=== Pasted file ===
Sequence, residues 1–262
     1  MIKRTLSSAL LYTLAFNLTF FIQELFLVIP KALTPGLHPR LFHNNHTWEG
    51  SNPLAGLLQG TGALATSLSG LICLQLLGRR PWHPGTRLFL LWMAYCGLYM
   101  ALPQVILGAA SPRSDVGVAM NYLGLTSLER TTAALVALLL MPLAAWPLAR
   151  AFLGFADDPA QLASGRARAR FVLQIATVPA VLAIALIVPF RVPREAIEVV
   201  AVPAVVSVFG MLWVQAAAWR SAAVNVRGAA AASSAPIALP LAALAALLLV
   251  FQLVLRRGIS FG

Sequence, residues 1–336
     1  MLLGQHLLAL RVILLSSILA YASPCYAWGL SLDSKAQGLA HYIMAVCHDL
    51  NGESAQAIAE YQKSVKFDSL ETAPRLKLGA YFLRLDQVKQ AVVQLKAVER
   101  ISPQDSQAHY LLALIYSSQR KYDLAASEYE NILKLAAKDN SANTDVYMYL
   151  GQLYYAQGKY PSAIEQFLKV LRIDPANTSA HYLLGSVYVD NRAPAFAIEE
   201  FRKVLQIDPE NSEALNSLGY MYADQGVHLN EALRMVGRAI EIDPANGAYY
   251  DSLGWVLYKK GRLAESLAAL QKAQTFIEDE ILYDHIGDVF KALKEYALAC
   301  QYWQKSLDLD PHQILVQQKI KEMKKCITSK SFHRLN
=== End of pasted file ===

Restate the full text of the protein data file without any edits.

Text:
Sequence, residues 1–262
     1  MIKRTLSSAL LYTLAFNLTF FIQELFLVIP KALTPGLHPR LFHNNHTWEG
    51  SNPLAGLLQG TGALATSLSG LICLQLLGRR PWHPGTRLFL LWMAYCGLYM
   101  ALPQVILGAA SPRSDVGVAM NYLGLTSLER TTAALVALLL MPLAAWPLAR
   151  AFLGFADDPA QLASGRARAR FVLQIATVPA VLAIALIVPF RVPREAIEVV
   201  AVPAVVSVFG MLWVQAAAWR SAAVNVRGAA AASSAPIALP LAALAALLLV
   251  FQLVLRRGIS FG

Sequence, residues 1–336
     1  MLLGQHLLAL RVILLSSILA YASPCYAWGL SLDSKAQGLA HYIMAVCHDL
    51  NGESAQAIAE YQKSVKFDSL ETAPRLKLGA YFLRLDQVKQ AVVQLKAVER
   101  ISPQDSQAHY LLALIYSSQR KYDLAASEYE NILKLAAKDN SANTDVYMYL
   151  GQLYYAQGKY PSAIEQFLKV LRIDPANTSA HYLLGSVYVD NRAPAFAIEE
   201  FRKVLQIDPE NSEALNSLGY MYADQGVHLN EALRMVGRAI EIDPANGAYY
   251  DSLGWVLYKK GRLAESLAAL QKAQTFIEDE ILYDHIGDVF KALKEYALAC
   301  QYWQKSLDLD PHQILVQQKI KEMKKCITSK SFHRLN